“No one takes any initiative to get workers registered. The government officials are unaware of the GRs that are issued. Despite our explaining the regulation, they refuse to cooperate. One of the officials even told me that he does not care about the GR,” said Kamble, adding that with the impending elections, registration camps were held in 2018. “Lots of media and dignitaries were present. They even provided on-the-spot registrations for a day. However, no camps were conducted from 2014 to 2017. There was no difference when the previous government was in power.”
Even registered workers face difficulty
“Even though my registration is done, I have not got any benefits yet,” said Hingole, “There are new people in the [municipal corporation] office and they are now questioning the 90-day work certificate that the same office gave us.”
The Maharashtra labour department now plans to establish ‘Worker Facilitation Centres’ at the district level to increase registrations and speed up the process. It also wants to appoint an agency to set up district-level facilitation centres with a target to enrol 600,000 workers annually. The department’s proposal is awaiting approval by a High Powered Committee.
Appointing an agency is unnecessary, Bhatnagar said, “If you run a centre, what is your interest? To register as many workers as possible to get income. Suppose you get Rs 10 or Rs 20 per registration, you will register everybody to achieve a target, whether it’s an auto-rickshaw driver or shopkeeper because you have to make money. Why will you bother to only register construction workers?”
The 38th report by the Standing Committee on Labour recommended a dual system of registration, online and offline, be developed for construction workers across all states, and that labour identity cards be linked with Aadhaar cards to avoid duplication.
Following this, a gazette notification was issued by the ministry of labour and employment to enable building and construction workers to register at the Shram Suvidha Portal of the labour ministry by paying registration fees by e-challan. Each worker would be assigned a Labour Identification Number (LIN) after registration. As of April 3, 2019, 2,685,058 LINs have been generated.
However, the process has not been smooth for everyone. “The site keeps hanging and we are not able to upload the worker’s photograph,” said Kamble, “We have not used the site for any registrations.”
A new Social Security Code
New labour ‘codes’ proposed to overhaul labour laws and regulation include a draft Labour Code on Social Security & Welfare Bill brought out in 2018 to simplify and amalgamate dozens of overlapping or conflicting laws related to social security and welfare of workers. It suggests that the BOCW cess be continued, and a common system of administration of social security and welfare schemes be put in place for unorganised sector workers.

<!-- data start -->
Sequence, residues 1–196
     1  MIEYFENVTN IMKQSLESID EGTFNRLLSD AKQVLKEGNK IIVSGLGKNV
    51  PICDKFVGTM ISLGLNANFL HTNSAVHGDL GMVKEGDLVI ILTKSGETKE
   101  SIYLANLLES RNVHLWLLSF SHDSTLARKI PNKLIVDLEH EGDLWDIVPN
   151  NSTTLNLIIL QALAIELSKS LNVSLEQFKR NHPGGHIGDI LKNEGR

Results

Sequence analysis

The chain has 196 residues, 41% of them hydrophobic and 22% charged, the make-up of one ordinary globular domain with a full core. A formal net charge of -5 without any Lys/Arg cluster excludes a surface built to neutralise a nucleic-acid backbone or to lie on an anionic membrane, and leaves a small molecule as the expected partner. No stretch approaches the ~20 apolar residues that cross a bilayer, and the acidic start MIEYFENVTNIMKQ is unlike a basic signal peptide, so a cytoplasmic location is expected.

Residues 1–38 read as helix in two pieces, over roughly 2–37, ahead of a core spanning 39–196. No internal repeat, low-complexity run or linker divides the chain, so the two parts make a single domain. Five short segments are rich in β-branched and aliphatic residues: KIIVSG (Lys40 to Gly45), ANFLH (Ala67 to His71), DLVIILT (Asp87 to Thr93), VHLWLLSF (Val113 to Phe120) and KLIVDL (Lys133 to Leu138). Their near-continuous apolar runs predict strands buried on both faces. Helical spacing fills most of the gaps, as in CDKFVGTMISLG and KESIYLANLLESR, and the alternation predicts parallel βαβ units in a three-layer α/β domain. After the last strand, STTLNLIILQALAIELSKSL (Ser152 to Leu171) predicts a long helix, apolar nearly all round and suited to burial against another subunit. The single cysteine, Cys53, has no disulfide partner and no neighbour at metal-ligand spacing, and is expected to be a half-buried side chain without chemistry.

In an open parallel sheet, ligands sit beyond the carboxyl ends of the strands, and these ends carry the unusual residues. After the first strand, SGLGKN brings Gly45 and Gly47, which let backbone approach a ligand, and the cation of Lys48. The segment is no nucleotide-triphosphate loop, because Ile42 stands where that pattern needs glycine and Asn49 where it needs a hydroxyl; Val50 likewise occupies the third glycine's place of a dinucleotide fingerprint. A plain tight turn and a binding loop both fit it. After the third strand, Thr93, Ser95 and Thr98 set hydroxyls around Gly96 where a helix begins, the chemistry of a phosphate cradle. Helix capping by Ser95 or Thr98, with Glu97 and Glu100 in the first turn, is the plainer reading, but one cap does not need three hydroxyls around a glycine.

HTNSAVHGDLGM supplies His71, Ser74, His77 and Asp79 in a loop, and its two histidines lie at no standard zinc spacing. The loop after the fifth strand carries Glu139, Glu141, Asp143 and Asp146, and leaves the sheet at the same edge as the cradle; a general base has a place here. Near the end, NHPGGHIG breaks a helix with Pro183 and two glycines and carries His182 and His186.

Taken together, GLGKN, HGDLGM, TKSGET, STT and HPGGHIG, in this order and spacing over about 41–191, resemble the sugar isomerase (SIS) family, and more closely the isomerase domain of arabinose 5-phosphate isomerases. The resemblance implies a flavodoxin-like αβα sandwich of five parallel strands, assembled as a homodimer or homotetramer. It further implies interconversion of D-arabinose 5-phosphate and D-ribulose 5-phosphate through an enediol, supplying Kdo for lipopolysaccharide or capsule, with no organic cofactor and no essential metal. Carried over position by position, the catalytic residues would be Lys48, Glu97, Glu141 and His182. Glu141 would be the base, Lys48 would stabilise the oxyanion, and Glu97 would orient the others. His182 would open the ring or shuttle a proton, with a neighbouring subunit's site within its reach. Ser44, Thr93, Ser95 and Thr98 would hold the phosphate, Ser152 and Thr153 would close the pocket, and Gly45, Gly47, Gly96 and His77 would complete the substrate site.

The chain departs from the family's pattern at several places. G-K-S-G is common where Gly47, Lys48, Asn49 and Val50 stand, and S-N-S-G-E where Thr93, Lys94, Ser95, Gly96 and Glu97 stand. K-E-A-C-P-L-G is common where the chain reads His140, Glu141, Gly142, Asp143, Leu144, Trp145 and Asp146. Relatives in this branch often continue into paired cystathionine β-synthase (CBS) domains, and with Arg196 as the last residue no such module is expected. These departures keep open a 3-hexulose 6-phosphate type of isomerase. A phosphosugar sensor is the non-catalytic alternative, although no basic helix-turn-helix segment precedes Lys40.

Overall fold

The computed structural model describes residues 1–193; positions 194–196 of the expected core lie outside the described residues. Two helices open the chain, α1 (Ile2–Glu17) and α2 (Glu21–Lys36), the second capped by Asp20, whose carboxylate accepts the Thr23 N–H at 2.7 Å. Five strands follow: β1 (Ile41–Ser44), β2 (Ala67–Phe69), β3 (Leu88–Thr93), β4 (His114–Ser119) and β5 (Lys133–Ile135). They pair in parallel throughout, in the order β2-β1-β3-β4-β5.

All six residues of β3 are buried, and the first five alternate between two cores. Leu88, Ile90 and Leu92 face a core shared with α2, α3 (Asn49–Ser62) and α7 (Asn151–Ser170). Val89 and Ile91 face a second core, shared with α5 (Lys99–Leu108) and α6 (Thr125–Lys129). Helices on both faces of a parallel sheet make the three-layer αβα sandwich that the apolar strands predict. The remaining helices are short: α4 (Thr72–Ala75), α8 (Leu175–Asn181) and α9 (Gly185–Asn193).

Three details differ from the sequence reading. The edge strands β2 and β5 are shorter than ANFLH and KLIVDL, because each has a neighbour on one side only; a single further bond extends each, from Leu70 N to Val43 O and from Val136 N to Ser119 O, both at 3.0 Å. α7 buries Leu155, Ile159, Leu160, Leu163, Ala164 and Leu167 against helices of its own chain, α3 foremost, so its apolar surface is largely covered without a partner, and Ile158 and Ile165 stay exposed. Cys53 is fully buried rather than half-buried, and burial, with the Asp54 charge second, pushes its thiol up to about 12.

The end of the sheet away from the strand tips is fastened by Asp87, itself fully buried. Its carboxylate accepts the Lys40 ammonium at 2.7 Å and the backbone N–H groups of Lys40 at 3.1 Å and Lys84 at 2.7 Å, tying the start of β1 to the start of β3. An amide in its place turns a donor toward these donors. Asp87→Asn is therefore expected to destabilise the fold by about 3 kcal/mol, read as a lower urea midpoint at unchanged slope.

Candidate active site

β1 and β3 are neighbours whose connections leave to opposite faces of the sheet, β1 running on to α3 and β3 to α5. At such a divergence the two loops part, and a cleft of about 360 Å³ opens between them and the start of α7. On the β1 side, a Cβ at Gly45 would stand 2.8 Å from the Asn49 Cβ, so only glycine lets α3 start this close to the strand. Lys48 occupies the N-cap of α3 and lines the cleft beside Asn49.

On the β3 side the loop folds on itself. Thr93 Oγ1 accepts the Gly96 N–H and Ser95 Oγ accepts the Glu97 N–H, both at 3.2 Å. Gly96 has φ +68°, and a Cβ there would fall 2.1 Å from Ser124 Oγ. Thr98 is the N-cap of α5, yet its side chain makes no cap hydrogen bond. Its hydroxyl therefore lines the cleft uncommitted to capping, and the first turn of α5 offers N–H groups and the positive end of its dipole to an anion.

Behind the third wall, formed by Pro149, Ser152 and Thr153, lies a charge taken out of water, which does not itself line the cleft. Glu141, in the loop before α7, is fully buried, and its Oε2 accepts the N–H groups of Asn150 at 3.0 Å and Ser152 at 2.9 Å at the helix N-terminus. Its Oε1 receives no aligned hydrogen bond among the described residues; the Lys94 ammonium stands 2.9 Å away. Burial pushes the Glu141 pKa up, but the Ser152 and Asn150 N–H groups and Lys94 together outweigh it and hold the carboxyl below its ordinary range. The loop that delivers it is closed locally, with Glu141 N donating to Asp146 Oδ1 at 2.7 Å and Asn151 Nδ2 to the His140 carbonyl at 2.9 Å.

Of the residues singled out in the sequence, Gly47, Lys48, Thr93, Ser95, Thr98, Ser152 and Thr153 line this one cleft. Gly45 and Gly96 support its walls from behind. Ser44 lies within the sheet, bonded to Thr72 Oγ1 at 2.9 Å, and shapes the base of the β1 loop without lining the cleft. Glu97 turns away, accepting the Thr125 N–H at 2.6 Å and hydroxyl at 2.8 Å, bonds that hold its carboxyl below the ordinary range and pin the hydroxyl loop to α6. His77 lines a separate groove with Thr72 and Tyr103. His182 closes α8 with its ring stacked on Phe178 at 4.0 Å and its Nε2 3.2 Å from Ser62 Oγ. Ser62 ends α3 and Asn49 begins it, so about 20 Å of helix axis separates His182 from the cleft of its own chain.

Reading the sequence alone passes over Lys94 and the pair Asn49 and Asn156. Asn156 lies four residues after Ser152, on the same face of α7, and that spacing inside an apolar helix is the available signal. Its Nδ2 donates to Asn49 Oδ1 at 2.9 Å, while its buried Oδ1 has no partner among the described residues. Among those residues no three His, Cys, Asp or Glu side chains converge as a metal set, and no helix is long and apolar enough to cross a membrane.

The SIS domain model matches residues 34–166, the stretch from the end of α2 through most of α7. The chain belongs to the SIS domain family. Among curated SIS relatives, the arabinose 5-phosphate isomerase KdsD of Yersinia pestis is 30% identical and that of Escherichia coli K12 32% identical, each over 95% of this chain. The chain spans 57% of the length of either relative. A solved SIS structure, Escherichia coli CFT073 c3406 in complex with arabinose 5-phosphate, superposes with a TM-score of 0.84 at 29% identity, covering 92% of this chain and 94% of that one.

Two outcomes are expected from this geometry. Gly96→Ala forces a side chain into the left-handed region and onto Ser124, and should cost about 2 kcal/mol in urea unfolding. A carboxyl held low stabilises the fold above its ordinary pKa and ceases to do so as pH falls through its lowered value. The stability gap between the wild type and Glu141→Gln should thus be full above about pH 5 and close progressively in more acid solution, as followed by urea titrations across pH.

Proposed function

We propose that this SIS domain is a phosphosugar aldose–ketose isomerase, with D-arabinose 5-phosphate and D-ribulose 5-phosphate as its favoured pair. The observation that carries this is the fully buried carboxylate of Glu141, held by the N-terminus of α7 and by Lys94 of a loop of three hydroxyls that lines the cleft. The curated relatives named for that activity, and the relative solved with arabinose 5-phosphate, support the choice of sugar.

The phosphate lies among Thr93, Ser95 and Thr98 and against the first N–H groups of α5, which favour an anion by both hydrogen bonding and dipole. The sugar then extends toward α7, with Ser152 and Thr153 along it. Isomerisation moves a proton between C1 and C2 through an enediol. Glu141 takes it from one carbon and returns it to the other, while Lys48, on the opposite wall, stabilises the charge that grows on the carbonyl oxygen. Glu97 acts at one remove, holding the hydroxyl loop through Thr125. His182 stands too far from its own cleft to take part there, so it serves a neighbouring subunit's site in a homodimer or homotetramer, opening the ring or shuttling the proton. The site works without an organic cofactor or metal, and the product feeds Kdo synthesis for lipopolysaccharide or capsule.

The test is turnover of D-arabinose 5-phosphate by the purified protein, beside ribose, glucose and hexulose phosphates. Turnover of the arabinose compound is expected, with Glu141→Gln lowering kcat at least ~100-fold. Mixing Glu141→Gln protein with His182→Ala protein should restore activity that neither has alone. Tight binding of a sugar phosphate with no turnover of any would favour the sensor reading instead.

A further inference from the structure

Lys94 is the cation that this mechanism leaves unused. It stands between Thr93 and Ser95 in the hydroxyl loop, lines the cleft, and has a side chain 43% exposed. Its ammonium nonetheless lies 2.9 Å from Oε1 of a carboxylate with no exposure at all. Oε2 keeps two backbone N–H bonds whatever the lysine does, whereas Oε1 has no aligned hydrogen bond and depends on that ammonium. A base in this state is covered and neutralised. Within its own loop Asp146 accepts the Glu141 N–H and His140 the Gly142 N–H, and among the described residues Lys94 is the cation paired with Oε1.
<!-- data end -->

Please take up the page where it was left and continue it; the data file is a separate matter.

“There are many assumptions in the Bill which cannot be realised, such as assuming that all workers will be able to contribute 20% of their salary every year for accessing benefits,” Bhatnagar said. “It does not consider the plight of the worker who is not employed for major part of the year. It cannot be implemented simply because there is no framework for collection of this 20% from every worker.” He said the BOCW Acts should continue as it is.
The activists and workers that IndiaSpend spoke to disagreed on whether construction workers need new laws or programmes, or effective implementation of existing ones.
Among the new proposals is the Pradhan Mantri Shram Yogi Maan-dhan (PM-SYM) pension scheme for unorganised sector workers announced in February 2019, which is a voluntary, contributory pension scheme; and the Modified Model Welfare Scheme for Building and Construction Workers, which provides for a life and disability cover, as well as health, education, housing and pension.
“We don’t know much about the government procedures and registration. We don’t want the hassle. Every other year, someone keeps coming to us and asks us for Aadhaar Card. We don’t carry it around everyday! We stand here day after day, make our money and go home. We don’t know what the government does for us,” said Meena Ben.
Women construction workers usually get paid less than the men and they have to take their children along with them to the construction sites where there are no provisions for childcare.
(Banerjee, a Master’s student of Political Science at M.S.U., Vadodara, and Raibagi, a data analyst and a graduate of computational and data journalism at Cardiff University, are interns at IndiaSpend.)
Courtesy: India Spend